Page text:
Pol-Unrelated Business Income Tax

policy unrelated business income tax modified Fri Feb 23 2024 09:27:52 GMT-0500 (Eastern Standard Time)

UofL Logo

University of Louisville



Unrelated Business Income Tax


September 18, 2009


This policy applies to University Employees (administrators, faculty, and staff).



In 1950, Congress established the Unrelated Business Income Tax in order to impose taxes on certain activities of exempt organizations when such activities are not related to the organization’s exempt purpose. The purpose of this tax was to allow for exempt entities to engage in activities with a profit motive while retaining their exempt status but also to eliminate the unfair competition that these activities cause between exempt entities and for-profit organizations.

As an exempt, non-profit organization, the University of Louisville (University) must comply with Internal Revenue Service (IRS) rules and regulations relating to the reporting and payment of any applicable unrelated business income tax (UBIT).

The purpose of the UBIT policy is to provide guidelines for the discovery and reporting of income and expenses to the Controller’s Office for “Unrelated Activities” undertaken by University departments. This policy is not intended to discourage or eliminate unrelated activities but rather to gather information so that proper reporting to the IRS and other taxing authorities is done timely and accurately.


Departments and program administrators are responsible for the initial identification of activities or programs that have the potential to generate unrelated business income. When such activities have been identified, the department must notify the Controller’s Office. It is strongly suggested that any new revenue producing programs be reviewed by the Controller’s Office prior to setup.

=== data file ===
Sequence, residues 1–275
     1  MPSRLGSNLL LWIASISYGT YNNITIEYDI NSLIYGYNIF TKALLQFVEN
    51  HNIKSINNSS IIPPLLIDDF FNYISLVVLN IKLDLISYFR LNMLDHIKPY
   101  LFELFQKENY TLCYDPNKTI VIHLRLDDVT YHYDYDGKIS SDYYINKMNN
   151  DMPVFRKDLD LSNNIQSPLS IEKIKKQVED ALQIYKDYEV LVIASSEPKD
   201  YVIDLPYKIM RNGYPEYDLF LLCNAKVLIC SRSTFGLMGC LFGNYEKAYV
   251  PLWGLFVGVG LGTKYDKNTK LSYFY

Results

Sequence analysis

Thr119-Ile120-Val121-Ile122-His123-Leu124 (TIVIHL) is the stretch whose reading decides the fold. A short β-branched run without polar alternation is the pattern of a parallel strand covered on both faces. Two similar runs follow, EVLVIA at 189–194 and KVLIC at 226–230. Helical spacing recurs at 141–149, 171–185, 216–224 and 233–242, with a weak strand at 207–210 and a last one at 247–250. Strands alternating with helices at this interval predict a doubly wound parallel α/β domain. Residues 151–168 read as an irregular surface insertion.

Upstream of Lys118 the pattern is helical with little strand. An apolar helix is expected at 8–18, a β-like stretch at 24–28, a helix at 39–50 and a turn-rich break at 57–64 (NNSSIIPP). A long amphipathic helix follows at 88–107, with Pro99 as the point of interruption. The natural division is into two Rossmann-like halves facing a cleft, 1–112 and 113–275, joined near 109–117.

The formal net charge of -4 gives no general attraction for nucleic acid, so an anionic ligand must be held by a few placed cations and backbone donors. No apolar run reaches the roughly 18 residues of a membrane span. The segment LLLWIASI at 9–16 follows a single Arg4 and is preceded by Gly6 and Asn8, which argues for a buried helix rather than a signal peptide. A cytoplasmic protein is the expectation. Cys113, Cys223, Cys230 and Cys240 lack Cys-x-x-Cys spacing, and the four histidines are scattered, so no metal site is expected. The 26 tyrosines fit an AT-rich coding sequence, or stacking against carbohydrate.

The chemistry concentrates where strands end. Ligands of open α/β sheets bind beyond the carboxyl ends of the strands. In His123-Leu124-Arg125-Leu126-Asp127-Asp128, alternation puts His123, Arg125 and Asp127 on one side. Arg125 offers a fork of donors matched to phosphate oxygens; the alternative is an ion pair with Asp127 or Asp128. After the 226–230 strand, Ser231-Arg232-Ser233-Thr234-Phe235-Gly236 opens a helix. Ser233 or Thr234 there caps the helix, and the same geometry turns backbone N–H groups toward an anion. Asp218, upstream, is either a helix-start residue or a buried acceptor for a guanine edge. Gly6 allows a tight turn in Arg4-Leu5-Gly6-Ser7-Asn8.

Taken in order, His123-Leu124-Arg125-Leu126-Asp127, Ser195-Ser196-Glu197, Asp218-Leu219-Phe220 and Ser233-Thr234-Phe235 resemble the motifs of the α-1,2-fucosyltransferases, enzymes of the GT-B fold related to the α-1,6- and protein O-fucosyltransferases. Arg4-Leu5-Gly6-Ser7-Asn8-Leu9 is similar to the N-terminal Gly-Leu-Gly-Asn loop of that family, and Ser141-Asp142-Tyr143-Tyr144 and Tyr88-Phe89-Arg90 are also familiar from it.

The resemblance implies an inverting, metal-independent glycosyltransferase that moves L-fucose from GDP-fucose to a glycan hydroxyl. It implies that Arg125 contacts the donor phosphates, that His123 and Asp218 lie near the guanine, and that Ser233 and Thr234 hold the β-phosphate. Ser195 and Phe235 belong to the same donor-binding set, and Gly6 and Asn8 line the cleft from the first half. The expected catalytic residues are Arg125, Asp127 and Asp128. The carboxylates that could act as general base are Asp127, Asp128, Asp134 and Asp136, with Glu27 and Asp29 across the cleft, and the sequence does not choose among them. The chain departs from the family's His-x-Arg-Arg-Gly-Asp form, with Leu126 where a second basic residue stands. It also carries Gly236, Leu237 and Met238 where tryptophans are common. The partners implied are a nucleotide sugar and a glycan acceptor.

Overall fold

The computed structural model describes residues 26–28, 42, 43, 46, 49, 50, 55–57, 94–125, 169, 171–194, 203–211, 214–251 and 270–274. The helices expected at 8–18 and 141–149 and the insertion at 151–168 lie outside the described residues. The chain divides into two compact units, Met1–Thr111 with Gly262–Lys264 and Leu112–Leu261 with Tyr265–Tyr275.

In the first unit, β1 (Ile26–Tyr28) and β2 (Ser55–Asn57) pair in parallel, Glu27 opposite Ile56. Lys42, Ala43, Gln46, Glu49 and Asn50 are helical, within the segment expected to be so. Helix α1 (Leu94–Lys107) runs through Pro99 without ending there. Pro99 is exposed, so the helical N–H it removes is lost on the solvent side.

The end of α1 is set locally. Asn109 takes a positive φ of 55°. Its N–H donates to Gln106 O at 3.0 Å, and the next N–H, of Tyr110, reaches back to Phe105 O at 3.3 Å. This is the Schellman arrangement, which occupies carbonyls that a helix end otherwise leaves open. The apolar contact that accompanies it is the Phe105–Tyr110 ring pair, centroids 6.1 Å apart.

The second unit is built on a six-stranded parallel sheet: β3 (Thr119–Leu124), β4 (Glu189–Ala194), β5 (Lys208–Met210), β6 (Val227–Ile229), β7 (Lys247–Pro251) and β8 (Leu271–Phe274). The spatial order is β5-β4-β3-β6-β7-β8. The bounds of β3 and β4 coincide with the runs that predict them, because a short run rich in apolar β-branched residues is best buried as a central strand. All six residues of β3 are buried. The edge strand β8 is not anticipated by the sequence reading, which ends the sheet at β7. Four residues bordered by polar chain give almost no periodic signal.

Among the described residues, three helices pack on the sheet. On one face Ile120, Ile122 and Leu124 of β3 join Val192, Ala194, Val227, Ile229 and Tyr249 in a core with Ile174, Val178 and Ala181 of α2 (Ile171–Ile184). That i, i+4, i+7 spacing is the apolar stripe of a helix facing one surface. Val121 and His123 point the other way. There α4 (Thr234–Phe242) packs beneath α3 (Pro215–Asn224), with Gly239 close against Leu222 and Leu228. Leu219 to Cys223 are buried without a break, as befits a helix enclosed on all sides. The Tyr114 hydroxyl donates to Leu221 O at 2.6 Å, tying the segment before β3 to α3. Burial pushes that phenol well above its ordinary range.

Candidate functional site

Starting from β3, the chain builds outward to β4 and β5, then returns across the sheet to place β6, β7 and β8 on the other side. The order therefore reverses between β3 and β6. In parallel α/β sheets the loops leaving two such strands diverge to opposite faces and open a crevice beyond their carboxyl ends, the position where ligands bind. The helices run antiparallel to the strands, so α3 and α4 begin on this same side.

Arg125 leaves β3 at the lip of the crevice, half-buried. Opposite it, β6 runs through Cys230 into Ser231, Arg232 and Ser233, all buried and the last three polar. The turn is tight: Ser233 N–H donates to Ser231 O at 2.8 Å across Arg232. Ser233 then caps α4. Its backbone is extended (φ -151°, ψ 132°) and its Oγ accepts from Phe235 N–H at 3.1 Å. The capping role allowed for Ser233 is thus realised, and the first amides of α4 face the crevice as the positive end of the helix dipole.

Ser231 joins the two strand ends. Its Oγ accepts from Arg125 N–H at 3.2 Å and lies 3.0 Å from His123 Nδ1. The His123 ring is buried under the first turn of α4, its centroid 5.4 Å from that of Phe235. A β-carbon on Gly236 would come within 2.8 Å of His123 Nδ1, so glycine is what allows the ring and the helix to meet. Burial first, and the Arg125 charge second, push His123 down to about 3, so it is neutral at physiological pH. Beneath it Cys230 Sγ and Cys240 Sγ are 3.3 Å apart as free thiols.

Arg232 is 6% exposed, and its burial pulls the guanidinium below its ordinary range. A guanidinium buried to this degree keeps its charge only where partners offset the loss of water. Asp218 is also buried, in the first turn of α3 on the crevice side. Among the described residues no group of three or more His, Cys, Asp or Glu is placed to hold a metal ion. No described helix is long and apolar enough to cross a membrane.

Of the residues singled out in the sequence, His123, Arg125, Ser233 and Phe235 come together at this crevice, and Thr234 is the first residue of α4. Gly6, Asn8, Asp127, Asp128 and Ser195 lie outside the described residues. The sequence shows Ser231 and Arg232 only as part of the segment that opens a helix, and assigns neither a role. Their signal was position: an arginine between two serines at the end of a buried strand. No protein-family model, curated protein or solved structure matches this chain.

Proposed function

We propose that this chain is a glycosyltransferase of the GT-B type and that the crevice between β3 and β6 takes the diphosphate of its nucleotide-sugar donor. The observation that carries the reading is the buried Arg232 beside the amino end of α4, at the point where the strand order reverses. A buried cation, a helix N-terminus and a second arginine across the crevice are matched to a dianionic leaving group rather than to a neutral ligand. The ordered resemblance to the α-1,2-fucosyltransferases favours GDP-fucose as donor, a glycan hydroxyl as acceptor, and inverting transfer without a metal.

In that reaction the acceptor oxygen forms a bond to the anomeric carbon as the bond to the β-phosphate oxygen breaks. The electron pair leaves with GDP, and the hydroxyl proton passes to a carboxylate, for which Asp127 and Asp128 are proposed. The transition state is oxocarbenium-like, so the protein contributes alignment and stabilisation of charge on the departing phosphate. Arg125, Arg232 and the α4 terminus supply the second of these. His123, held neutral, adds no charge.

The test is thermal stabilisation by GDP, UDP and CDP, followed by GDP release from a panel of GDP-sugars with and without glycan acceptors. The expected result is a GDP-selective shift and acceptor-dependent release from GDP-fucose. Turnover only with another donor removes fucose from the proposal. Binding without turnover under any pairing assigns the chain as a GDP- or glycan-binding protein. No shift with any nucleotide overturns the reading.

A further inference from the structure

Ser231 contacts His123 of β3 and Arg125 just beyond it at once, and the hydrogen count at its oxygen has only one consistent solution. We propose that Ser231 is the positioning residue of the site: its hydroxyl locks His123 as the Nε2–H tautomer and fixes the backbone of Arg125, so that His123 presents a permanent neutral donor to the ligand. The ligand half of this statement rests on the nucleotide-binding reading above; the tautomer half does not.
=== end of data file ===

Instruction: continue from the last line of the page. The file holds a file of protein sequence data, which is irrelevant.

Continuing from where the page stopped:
Internal Revenue Code Sections 511, 512, and 513

IRS Publication 598


An activity is considered unrelated by the IRS and therefore subject to tax when it meets the following three criteria.  

  1. The activity is a trade or a business.
  2. The activity is regularly carried on.
  3. The activity is not substantially related to the exempt purpose of the organization.

If an activity is undertaken with the intent to create a profit through the sale of goods or the performance of a service it is considered a trade or business. The determination of whether an activity constitutes a trade or business depends on the facts and circumstances of each situation, however certain factors may indicate whether such a motive exists including active solicitation of clientele, charging at rates above cost, and openly competing with other commercial enterprises.